Reducing complex problems sets to simple problem sets is an interesting, and sometimes valid, approach to complex event processing. Transformations can be useful, especially when well defined.
For example, CEP was envisioned as a new technology to debug relatively large distributed systems, discover hidden causal relationships in seemingly disconnected event space. This “discovery” requires backwards chaining with uncertainty, for example. Most of the current so-called “CEP software” (on the market today (including Marc Adler’s SQL-based examples) do not perform backwards chaining (with uncertainty). This is also true from other so-called CEP products, like most forward chaining RETE engines – for example, see this post.
Marc Adler says he is, “hunting for advice from people who might have implemented event clouds in Coral8, Streambase, and Aleri, all three which are based on SQL.”
Current steaming SQL engines cannot model true event clouds without reducing the cloud to causal-ordered sets of linear streaming data. These software tools are stream processing engines that process events in a time window of continuous streaming data. These products are not, in reality, CEP engines – calling them “CEP engines” is marketing-speak, not technology-speak!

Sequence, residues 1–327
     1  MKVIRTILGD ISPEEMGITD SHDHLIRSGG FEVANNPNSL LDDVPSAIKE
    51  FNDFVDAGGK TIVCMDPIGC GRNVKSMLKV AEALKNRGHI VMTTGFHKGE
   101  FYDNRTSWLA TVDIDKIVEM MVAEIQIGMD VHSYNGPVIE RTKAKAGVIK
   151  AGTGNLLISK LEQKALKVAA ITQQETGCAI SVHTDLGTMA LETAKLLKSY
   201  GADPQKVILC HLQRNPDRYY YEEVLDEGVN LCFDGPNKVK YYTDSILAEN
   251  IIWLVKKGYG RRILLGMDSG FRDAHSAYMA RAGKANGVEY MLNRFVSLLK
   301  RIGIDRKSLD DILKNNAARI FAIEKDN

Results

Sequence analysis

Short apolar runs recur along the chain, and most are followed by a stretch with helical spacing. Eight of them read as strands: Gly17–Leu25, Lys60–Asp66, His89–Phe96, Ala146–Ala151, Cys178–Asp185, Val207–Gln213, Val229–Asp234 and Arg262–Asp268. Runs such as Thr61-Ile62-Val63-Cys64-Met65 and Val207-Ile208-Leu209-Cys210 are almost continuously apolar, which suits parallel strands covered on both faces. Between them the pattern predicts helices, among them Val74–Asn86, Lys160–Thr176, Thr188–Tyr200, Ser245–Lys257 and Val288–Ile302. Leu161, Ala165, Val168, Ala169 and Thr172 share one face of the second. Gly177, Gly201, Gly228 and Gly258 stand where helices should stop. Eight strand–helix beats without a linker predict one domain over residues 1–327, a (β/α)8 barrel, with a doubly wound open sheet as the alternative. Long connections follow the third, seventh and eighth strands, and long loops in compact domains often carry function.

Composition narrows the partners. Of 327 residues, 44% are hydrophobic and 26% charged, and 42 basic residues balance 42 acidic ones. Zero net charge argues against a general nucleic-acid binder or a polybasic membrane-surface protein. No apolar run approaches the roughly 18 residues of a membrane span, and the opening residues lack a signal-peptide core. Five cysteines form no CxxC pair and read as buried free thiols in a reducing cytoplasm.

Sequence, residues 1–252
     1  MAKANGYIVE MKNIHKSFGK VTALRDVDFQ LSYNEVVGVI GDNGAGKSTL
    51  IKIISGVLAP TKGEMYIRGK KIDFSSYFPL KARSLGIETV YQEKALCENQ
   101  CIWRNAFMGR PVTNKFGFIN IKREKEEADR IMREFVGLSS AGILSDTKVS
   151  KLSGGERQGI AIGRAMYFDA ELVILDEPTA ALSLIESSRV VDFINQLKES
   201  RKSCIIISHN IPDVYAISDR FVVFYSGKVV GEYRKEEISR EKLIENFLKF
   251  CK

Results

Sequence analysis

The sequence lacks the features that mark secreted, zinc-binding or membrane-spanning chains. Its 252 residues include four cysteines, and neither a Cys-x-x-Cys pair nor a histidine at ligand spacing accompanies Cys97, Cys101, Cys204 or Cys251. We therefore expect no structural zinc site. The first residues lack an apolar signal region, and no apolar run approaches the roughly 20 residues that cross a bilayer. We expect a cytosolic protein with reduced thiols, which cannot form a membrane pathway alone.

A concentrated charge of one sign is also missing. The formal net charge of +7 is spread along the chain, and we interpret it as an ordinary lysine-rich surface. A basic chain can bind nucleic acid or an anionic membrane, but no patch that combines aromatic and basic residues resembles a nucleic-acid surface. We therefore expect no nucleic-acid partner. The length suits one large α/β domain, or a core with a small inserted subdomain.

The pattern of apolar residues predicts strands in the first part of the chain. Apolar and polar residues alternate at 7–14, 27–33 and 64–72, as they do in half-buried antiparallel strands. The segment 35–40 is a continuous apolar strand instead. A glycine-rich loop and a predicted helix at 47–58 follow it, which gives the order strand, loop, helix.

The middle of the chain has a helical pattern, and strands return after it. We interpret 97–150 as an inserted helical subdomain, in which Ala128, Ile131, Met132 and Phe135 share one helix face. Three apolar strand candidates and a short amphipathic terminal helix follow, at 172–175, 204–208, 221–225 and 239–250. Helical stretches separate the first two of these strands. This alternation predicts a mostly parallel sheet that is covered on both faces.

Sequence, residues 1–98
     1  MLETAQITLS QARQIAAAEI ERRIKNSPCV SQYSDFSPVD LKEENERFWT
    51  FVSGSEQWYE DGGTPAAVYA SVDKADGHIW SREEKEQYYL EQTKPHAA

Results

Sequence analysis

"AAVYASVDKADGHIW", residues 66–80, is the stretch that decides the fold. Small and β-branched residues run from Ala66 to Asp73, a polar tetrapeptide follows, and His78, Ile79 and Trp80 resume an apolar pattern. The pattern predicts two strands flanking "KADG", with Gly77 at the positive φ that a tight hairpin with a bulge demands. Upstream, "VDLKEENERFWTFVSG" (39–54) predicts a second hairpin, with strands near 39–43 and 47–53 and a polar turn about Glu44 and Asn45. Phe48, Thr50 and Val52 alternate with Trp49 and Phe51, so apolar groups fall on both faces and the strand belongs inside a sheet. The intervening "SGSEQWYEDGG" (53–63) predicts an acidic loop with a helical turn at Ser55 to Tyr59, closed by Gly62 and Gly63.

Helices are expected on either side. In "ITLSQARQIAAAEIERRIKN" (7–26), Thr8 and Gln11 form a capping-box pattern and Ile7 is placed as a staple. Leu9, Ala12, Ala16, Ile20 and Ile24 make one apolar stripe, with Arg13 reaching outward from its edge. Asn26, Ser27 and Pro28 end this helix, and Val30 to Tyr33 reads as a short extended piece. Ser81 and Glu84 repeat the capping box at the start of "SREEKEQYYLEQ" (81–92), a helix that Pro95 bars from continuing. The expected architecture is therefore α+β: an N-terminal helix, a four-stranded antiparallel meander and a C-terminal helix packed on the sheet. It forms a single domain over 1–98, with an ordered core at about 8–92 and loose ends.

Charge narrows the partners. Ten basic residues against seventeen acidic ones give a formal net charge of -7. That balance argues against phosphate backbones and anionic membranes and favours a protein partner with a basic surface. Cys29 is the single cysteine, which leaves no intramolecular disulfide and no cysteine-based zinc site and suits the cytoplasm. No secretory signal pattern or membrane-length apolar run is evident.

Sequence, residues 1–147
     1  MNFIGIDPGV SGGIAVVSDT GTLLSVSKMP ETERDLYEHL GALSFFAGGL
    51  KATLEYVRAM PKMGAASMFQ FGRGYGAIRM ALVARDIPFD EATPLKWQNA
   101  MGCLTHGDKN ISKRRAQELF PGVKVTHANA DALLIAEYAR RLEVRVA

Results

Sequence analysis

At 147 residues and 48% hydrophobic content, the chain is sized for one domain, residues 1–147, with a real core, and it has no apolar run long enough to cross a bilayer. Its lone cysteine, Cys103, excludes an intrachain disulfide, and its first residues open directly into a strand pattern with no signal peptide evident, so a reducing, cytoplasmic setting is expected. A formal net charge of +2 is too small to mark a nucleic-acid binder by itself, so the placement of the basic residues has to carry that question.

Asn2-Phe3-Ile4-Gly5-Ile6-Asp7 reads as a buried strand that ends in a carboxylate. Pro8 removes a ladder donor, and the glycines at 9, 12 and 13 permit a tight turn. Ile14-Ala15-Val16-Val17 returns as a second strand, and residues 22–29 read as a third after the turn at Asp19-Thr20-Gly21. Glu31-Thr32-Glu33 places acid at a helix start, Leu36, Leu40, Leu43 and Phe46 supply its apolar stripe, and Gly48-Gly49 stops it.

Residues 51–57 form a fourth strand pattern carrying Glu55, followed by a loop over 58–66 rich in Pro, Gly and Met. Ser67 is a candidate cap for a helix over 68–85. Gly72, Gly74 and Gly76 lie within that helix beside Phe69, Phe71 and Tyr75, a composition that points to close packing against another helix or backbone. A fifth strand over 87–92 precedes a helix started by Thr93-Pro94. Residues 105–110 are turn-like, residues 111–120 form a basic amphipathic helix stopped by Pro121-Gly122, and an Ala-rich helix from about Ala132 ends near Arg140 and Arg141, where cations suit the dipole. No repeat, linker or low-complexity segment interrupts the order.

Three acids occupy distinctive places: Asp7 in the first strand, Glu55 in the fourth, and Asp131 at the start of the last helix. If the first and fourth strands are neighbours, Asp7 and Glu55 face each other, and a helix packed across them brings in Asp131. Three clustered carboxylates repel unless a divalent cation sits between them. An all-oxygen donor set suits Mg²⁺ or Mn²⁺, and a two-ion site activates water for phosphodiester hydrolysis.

Reducing complex models to simple ones is a valid technique for problem solving. Likewise, eliminating uncertainty and assuming causality is a way to reduce complexity.
CEP was envisioned to discover causal relationships in complex, uncertain, “cloudy data” and the current state-of-the-art of software from the streaming SQL vendors do not have this capability, unless you reduce all event models to ordered sets of streaming data (reduce POSETS to TOSETS).
Reductionism can be a valid technique, of course. We can eliminate uncertainty, force strict determinism, demand apriori system rules and perform all sorts of tricks to permit us to reduce complex problems to simple ones.
However this also results in reducing CEP (complex event processing) to SEP (simple event processing).